The first sips yield a balanced and elegant tea. The tropical lychee fruit flavor is astounding. This black tea is as perfumed as a Tieguanyin, but deep, dark and grounded. The aftertaste is full of not only lychee, but also orchid, like a wet tropical garden.
As the tea steeps out, we get creamy notes, honey and of course the rocky mineral Wuyi flavor. Everything is balanced with an incredibly consistent lychee fruit flavor. Drinking this, we can only speculate that this naturally-occuring flavor profile must be the inspiration for all fruit-flavored black teas.
On our most recent visit to Wuyi, where we planned out December’s Tea of the Month offering with Li Xiangxi, we got to go to a village tea competition where farmers from all over Tongmu could enter their teas for their peers to judge. Li Xiangxi took us to watch the day that everyone was tasting nearly two hundred Old Tree Wuyi Gongfu Black Teas. We were so intrigued by the idea of the Wuyi “Old Tree” flavor expressed through a black tea instead of an oolong that we had to get our hands on some of this rare harvest to share.
The flavor of Old Tree Wuyi Gongfu Black is coming in part from the mosses and other plants that grow naturally on and around the old and untended wild tea trees and bushes in Tongmu. That mossy, woody complexity is something that younger cultivated bushes just can’t quite capture.
Brewing up Li Xiangxi’s Old Tree Wuyi Gongu Black, we get tons of piney, woody smokey aroma, an astoundingly powerful aroma considering that this tea is not smoked. By the first infusion, much of the smoke has dissipated leaving that mossy, woody edge that defines this tea.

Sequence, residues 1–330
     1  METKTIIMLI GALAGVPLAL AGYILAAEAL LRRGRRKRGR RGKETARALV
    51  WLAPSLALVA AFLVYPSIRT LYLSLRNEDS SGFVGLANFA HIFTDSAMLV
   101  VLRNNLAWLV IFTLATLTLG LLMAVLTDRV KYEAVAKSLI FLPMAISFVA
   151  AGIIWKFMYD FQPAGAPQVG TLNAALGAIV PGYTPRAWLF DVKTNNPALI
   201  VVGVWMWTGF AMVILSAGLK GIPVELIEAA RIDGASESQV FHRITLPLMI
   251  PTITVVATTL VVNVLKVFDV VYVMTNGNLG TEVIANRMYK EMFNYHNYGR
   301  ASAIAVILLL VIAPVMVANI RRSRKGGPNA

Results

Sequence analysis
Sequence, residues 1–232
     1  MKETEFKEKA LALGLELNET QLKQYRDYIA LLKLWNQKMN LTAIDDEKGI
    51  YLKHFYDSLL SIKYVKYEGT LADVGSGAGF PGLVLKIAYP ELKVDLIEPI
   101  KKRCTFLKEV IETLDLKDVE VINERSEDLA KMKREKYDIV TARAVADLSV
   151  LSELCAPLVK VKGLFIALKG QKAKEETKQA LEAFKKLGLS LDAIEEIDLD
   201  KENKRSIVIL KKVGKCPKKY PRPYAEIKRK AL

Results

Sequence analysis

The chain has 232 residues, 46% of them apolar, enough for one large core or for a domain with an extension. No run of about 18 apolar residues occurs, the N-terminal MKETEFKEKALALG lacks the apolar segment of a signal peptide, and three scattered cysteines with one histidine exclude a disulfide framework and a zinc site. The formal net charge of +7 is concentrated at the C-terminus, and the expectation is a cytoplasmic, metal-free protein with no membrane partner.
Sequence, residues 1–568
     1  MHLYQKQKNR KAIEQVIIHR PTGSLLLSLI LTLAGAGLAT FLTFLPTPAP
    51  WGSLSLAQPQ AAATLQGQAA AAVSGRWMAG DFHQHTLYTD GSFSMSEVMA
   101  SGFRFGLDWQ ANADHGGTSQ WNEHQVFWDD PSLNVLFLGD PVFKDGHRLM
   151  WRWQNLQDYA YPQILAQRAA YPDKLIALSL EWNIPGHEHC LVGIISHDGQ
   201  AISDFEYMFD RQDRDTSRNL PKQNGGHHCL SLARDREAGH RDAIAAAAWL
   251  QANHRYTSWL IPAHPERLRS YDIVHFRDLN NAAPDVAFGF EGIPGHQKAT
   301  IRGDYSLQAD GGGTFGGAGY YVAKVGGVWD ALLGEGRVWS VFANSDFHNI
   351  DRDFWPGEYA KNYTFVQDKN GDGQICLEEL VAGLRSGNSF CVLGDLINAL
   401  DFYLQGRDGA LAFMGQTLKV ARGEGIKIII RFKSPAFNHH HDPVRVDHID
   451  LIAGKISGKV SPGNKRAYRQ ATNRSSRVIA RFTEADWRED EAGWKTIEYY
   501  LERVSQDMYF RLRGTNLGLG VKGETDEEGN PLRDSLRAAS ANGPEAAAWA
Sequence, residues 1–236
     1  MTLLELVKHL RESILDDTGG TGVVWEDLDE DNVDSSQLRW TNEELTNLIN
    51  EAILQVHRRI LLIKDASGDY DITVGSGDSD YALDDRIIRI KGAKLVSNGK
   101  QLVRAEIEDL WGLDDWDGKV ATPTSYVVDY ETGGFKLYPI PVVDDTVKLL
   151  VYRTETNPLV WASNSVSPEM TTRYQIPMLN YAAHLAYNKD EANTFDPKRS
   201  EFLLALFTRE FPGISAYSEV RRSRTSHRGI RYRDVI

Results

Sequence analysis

The first sips are full of wood, juniper, elderberry, and a smooth rock candy sweetness that lingers on the palate. The flavor continues to develop，packed with as much forest flavor as a fine shu pu’er, but with much more sweetness and a much more nuanced, smooth and elegant body.
This tea is an incredible chance to taste not just a varietal or processing technique, but truly taste the place, the environment, in a concentrated way, and better understand what makes Wuyi so special.
Mei Zhan is a varietal usually used for making aromatic oolongs. Li Xiangxi and her brother cultivate a small planting of Mei Zhan bushes, and have fallen in love in the last few years with the unique flavors the tea yields. They decided in recent years to use the large buds from their Mei Zhan bushes to make a bud-based Wuyi black tea processed just like Jin Jun Mei.
The result is thrilling, and we are lucky to get to share any at all. The family only makes about 20 kilos a year. It was exciting to be entrusted with enough to send to in December’s Tea of the Month Club, and even more excited for the opportunity to share it with everyone!
Unlike Jun Jun Mei, which is made from the tiniest little buds, Mei Zhan Jin is made from huge buds more like a Yunnan Black than anything else. In fact, the aroma is very reminiscent of a Wild-Picked large buds Yunnan Black. The aroma is like Golden Fleece in its thick creamy luscious body, but with a touch of malty Jin Jun Mei aroma, and some deep florals that lean more towards the world of oolongs.
The first steepings are sweet, floral and elegant like a very fine Jin Jun Mei, but instead of the malty thick texture of Jin Jun Mei we get the light, more perfumed texture of Mei Zhan oolong. As the tea continues to steep out, we get more and more of the beautiful nuanced mineral notes of Wuyi accenting the sweet honeyed florals that make this tea so unique.